Sagramanda: A Novel of Near-Future India by Alan Dean Foster
Pyr Books, 2008, 290pp, $25, ISBN 1-59102-488-9
In the Indian city of Sagramanda, a scientist, Taneer, steals secrets from the multi-national biotech company he worked for and goes on the run, trying to find a buyer for what he has stolen at the same time as avoiding the inevitable retribution.
There seems to be an increasing number of science fiction novels by western writers set in non-western locales; Jon Courtenay Grimwood’s Arabesk books and Ian McDonald’s River of Gods are obvious examples. As the economic future of humanity seems to be moving ever more in that direction, it seems inevitable that more sf is being set in the emerging nations. This brings its own dangers for western writers as they attempt to reflect the cultures of these countries in a way which neither patronises nor demonises them, but which simultaneously remains honest about their issues.
So it is interesting that where Sagramanda fails is in its plotting and characterisation rather than its setting. The invented city of Sagramanda feels sufficiently real and rich, reflecting the busyness, crowding and mixture of classes of an Indian city (although, in the interests of full disclosure, I will admit that I have only visited India on business once and so I may not be the best judge. I would be interested in how an Indian reader feels about the depiction of their country). But the characters – and the story they generate – don’t do justice to the carefully worked-out setting.
Any story, be it written or visual, which features someone who has committed a crime as the protagonist needs to do at least one of several things to work well. Either:
- the motive for the crime must be interesting (political; idealistic; the crook desperately needs the funds to achieve an end we understand)
- the committing of the crime itself must be audacious and clever (any number of heist movies, for example)
- the criminals themselves must be either charming or interesting enough that we either want to see them succeed or see what they do next (Raffles, for example, or Patricia Highsmith’s Ripley)
- the cat-and-mouse game between cop and crook must work as the focus – who is the most clever?
And so it becomes clear where the main problem lies with Sagramanda. All we really know is that Taneer has stolen something from his former company and he is trying to sell it. We do not see the crime take place, nor are we given a reason for why Taneer has stolen what he has stolen (beyond wanting to make money out of it). Taneer himself is neither particularly interesting nor virtuous. All we really know about him is that he has ‘rescued’ a beautiful untouchable from a life of prostitution, which has seriously offended his father. In fact, the only thing that gives the reader any reason to want him to succeed is that the person chasing him is worse.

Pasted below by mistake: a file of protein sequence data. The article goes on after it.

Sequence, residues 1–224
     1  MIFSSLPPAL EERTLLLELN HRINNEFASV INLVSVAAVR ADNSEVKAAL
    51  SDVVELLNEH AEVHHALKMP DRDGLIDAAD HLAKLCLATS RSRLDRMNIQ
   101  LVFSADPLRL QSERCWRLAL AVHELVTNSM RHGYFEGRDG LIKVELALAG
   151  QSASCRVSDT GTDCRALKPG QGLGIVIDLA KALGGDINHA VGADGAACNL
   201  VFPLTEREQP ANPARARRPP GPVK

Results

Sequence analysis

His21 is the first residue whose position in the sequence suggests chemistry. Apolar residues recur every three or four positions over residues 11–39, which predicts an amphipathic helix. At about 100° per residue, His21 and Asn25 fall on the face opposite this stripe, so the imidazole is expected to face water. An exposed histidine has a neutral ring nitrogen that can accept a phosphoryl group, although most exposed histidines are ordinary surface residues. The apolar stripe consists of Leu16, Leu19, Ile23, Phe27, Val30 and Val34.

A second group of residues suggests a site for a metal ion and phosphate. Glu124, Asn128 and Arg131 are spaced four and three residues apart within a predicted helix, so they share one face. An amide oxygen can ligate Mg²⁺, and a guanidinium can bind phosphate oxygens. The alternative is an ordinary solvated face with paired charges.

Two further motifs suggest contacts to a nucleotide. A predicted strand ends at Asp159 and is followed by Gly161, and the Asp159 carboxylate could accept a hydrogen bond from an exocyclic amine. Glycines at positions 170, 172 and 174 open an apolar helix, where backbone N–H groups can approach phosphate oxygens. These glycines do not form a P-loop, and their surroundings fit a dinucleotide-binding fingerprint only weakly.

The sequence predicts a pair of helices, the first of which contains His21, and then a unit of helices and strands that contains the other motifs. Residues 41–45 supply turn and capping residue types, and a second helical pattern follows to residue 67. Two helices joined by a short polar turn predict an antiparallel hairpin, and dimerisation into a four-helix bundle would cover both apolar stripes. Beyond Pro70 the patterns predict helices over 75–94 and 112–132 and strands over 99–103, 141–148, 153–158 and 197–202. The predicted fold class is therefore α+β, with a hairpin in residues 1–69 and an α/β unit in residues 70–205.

Distracting from the hole at the centre of the story are several other story threads, maybe too many for such a short book – short by modern standards, at least. There is Chal, the ruthless hunter who has been recruited by Taneer’s previous employer to hunt him down. There is Sanjay the shop owner who acts as middle-man for a deal to sell the stolen goods. There is also Jena the serial killer and Keshu, the police inspector who is hunting her. All of these separate threads obviously intersect at some point in the story, but are kept separate through most of it.
It is the last pair that I found most interesting. Jena believes she is the chosen of Kali, tasked with finding the perfect victim to replace Kali’s missing finger. She may be mad but her madness is intriguing and Keshu is sympathetic. If this had been the focus of the story then I would have been much more interested. At the risk of damning with faint praise, as a near-future thriller Sagramanda is competent – if not terribly thrilling.